Top 5 cinematic outcasts

When I was a teenager I had a penchant for black clothes, eyeliner and pretending I actually understood Edgar Allen Poe’s poetry. This attitude naturally drew me to the outcasts in movies, the characters who I felt (and still do occasionally feel) best represented my attitude to the world and to the other human beings unfortunate enough to share it with me. I loved the anti-heroes, the drop outs and the lovable nihilists, and in honour of this (and the fact that the aforementioned Salander has given us something of a good name) here’s my collection of some of the all time great movie outcasts.

#5 – Lydia Deetz (Beetlejuice)

Maybe not the Tim Burton character you were expecting, but Winona Ryder’s portrayal of the ultimate teenage Goth deserves mention for a number of reasons. Firstly, she’s the best representation in any of Burton’s films of his actual fans. While all ‘Burtonheads’ (and I include myself in this newly made up category) like to think of themselves as being like Edward Scissorhands or Jack Skellington, they’re actually all just melodramatic kids with ghoulish sensibilities (and there’s nothing wrong with that).

Another reason for Lydia to make to the list is that she uttered one of the best lines in a movie ever. When told she was going to get her own dark room for her photography she replies “my whole life is a dark room, one. big. dark. room.” Had my parents not stopped me, I probably would have got this tattooed across my chest at the tender age of fifteen.

#4 – J.D. (Heathers)

A film out the same year as Beetlejuice (and also starring Winona Ryder) featured perhaps Lydia’s male equivalent in the form of JD. Played by Christian Slater during his golden period, JD is the ultimate outcast, the chain-smoking high school freak who dares to do what every lonely and bullied kid wants to do.

A cross between Holden Caulfield, James Dean and Ted Bundy, JD takes every sadistic revenge fantasy you’ve ever had about the cliques, the bullies and the girls who wouldn’t talk to you and makes it come true. Throughout the movie he poisons cheerleaders, shoots jocks, and gets to sleep with Winona Ryder, you have to admit that is pretty fucking cool. Ok, so things get a bit Columbine at the end of the movie – but at least he goes out in style.

#3 – Eric Draven (The Crow)

The go-to Halloween costume for any guy with long dark hair, Eric Draven is one of the great movie anti-heroes for reasons as much to do with real life as they do the movie. Played by Brandon (son of Bruce) Lee, Draven is an undead rock star, back from the grave to avenge his own murder and that of his beloved fiancée. He’s a sort of bastard offspring of Batman (dark avenger) and the Joker (psychotic clown), who storms across a dystopic Detroit to a soundtrack of the Cure and Nine Inch Nails.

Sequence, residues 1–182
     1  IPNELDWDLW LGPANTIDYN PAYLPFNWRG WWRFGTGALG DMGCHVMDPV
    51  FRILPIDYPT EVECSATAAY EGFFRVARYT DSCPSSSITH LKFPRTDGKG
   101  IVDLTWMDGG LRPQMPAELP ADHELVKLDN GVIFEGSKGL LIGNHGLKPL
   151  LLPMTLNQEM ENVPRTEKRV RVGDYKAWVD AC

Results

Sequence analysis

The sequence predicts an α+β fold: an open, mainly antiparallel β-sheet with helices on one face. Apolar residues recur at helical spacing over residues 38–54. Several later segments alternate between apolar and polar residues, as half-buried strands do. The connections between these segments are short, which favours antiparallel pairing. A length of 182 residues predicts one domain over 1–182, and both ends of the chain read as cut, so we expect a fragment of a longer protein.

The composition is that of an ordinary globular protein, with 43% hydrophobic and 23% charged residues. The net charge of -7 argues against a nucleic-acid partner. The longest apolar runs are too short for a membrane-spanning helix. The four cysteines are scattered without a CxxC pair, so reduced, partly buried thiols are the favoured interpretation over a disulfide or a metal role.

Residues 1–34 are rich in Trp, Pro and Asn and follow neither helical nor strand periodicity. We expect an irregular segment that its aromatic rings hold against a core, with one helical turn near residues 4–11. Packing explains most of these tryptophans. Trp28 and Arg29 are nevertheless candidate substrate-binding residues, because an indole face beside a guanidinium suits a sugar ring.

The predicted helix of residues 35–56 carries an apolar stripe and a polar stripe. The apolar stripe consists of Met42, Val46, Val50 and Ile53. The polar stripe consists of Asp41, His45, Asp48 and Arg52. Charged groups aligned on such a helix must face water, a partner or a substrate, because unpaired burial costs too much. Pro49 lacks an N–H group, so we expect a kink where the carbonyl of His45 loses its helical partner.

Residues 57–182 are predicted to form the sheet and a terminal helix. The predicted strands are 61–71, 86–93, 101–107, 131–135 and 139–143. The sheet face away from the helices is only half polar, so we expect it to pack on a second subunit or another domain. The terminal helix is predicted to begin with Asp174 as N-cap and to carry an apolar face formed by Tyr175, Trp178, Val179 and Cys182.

Brandon Lee’s untimely death during filming has lent the hero a kind of tragic pathos. Lee was very much in love with the role, even learning guitar to play in a Goth band and purchasing a vintage Cadillac hearse to drive round in. Draven is the ultimate superhero for the disenfranchised – sure Batman’s dark, but he’s still a trust fund kiddie (and he lets the bad guys live).

#2 – Allison Reynolds (The Breakfast Club)

Ok, I know John Hughes movies aren’t exactly the edgiest viewing, but you’ve got to admit that The Breakfast Club has a certain something. The reason that this manic, sugar sandwich-eating, compulsive liar makes my list isn’t that she’s a great character (though she is) but because she became a prototype for a certain kind of teen character that started appearing in the 90’s and 00’s. Starting out as an anti-social nutcase, Reynolds makes a transformation throughout the film as she gets to know her fellow pupils and eventually gets a makeover from the shallow-girl-who-turns-out-to-be-not-that-shallow and becomes a normal girl.

She laid the groundwork for a series of the other vaguely offensive characters who made disaffected weirdly dressed teens feel like what they doing wasn’t right, and the only way you could be happy was to put on a pink dress and become well adjusted (Clea DuVall’s character in The Faculty is another example that particularly pissed me off). Allison Reynolds is a great character that sells out, but makes it sort of ok when we all do the same later in life.

#1 – Donnie Darko (Donnie Darko)

I’m not entirely sure that even Donnie Darko director Richard Kelly knows exactly what happens in the film, but Jake Gyllenhaal’s name-making performance as the awkward, mentally troubled teen grabs your attention from the moment he’s told by a phantom rabbit called Frank that the world is going to end. Every loner feels the centre of their own little universe – it’s just with Donnie he actually might be, as he figures out his ability to see the worm holes that pass through time and space.

While the film gets knocked for its ‘David Lynch for kids’ sci-fi agenda, it’s actually a perfectly realised teen drama, taking in all the elements that make being young harsh, frightening and isolating. Donnie is paranoid, he’s unsure of his own grip on reality, he doesn’t know if his girlfriend actually likes him, and just as everyone at one point has felt like their world is collapsing around them, his actually does. A true role model for any of us who were teenagers in the early 21st century.

Who’s your favourite movie misfit? Let us know below!


By Dan Cadwallader

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